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Walgreens cancels deal to buy Rite Aid

BY Marianne Wilson

Walgreens Boots Alliance has announced a new Rite Aid deal, ending its nearly two-year quest to acquire the Camp Hill, Pa.-based drug store chain. The divestiture agreement with Fred's Pharmacy, whereby Fred's would buy 865 Rite Aid stores, is also terminated.

The move comes after Walgreens has struggled to win approval of the deal from the Federal Trade Commission. Under the new agreement, Walgreens will acquire 2,186 of Rite Aid's 4,523 stores for $5.175 billion in cash. Also, Rite Aid will receive a $325 million termination fee.

"For Walgreens, this is potentially a good deal, gaining them expanded prime store presence, but without a lot of the overheads and challenges that come with taking over an entire company,” commented Maulik Bhagat, a managing director in the healthcare practice of AArete, a global consultancy. "It will allow the company to drive significant synergies through their operations, supply chain, etc. And it should allow Rite Aid to focus internally and look at ways to get back to profitability."

The 2,186 stores included in the new agreement are primarily located in the Northeast, Mid-Atlantic and Southeastern regions of the United States. Three distribution centers are included in the agreement, with locations in Dayville, Connecticut, Philadelphia and Spartanburg, South Carolina. Under the terms of the agreement, Rite Aid will provide certain transition services to Walgreens for up to three years after the closing of the transaction.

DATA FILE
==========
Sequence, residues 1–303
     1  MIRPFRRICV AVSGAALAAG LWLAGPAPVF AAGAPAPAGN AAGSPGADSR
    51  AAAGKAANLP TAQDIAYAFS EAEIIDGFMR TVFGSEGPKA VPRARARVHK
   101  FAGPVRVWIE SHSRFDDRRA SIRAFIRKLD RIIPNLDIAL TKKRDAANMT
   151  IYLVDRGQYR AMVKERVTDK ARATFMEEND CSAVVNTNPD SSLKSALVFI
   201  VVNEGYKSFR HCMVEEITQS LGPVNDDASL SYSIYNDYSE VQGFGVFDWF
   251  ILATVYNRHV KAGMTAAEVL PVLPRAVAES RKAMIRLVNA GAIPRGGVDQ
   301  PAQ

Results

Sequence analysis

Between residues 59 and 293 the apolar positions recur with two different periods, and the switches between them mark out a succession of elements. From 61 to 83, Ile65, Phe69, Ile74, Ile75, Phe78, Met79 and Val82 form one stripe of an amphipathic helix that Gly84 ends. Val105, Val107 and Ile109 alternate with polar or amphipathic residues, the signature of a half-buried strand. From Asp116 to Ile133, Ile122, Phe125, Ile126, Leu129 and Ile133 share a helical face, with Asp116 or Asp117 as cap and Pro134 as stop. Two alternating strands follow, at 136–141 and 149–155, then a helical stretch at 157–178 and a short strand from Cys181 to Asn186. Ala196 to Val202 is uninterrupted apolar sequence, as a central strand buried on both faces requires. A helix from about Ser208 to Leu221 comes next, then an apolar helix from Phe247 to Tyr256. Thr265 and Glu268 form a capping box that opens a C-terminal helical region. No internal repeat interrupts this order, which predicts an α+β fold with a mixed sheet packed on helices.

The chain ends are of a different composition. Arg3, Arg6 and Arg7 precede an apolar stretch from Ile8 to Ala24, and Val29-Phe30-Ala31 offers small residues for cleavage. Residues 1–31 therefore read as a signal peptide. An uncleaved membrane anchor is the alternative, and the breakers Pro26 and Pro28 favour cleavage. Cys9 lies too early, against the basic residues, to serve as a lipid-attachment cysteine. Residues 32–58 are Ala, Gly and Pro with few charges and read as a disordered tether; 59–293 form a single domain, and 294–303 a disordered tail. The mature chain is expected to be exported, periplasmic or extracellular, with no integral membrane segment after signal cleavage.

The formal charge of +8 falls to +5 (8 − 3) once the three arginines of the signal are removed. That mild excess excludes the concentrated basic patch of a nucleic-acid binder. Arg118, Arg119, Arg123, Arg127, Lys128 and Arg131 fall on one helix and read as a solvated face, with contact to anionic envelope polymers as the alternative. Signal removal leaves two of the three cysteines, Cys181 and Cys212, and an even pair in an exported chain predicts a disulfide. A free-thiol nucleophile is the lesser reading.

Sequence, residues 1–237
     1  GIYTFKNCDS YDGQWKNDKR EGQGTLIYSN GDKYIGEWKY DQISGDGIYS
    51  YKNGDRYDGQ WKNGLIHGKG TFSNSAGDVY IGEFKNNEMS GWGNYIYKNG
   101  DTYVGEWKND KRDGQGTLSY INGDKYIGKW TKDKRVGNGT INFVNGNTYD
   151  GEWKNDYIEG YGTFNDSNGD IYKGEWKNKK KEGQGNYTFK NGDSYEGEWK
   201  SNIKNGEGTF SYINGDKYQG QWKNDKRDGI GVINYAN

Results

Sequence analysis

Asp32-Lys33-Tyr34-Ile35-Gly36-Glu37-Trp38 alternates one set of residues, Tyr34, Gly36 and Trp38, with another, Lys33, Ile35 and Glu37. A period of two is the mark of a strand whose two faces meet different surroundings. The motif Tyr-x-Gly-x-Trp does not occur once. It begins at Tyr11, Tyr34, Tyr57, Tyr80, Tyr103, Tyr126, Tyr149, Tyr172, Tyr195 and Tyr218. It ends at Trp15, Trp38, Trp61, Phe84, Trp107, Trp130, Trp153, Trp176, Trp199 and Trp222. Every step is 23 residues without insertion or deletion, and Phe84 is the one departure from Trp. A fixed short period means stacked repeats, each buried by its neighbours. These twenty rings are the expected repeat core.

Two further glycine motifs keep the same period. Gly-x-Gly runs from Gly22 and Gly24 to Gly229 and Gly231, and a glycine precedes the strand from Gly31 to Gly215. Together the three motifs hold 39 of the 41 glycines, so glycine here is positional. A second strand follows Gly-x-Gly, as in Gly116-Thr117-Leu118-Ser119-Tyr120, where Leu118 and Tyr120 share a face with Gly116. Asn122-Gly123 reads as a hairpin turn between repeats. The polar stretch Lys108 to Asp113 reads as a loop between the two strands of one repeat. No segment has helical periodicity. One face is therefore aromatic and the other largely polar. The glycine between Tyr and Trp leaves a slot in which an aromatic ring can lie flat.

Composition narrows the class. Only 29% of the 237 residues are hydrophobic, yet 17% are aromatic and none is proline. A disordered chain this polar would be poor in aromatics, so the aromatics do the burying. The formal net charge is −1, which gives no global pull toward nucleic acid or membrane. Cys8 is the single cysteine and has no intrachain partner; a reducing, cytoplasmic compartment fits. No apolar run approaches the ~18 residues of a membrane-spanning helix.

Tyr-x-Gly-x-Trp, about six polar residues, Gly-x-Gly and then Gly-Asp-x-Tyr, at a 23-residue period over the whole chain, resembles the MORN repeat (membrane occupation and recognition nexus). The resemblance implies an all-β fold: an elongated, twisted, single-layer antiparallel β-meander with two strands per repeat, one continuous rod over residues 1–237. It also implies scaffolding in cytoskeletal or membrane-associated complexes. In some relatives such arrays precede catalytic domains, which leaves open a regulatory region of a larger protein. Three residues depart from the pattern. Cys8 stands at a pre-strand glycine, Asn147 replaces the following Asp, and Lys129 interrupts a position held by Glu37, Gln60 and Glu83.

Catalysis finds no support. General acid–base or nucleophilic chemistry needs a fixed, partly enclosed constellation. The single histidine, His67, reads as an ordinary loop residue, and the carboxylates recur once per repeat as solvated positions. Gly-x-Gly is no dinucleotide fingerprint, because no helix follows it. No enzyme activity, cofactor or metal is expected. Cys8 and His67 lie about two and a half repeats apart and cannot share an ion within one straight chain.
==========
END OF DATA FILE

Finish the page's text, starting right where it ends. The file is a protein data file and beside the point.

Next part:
"While we believe that pursuing the merger with WBA was the right thing to do for our investors and customers, this new agreement provides a clear path forward and positions Rite Aid as a strong, independent, multi-regional drugstore chain and pharmacy benefits manager with a compelling footprint in key markets," said John Standley, chairman and CEO of Rite Aid. "The transaction offers clear solutions to assist us in addressing our pharmacy margin challenges and allows us to significantly reduce debt, resulting in a strong balance sheet and improved financial flexibility moving forward."

The initial closing of the new transaction is expected to occur within the next six months. Upon closing, Walgreens will begin acquiring the Rite Aid stores and related assets on a phased basis over roughly six months, and intends to convert acquired stores to the Walgreens brand over time.

“This new transaction extends our growth strategy and offers additional operational and financial benefits,” Stefano Pessina, executive vice chairman and CEO of Walgreens Boots Alliance, said. “It will allow us to expand and optimize our retail pharmacy network in key markets in the U.S., including the Northeast, and provide customers and patients with greater access to convenient, affordable care."

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R.Mader says:
Jun-29-2017 03:24 pm

Why the BIG concern about this acquisition when not a word is being said about Amazon and Whole Foods?? Okay, grocery is new segment, but still retail. Amazon uses the revenues from AWS to under cut retailers pricing. Yes they have good technology and returns policy and prime deliver but seems like unfair competition to me. Hard to compete against someone who doesn't need to make a profit.

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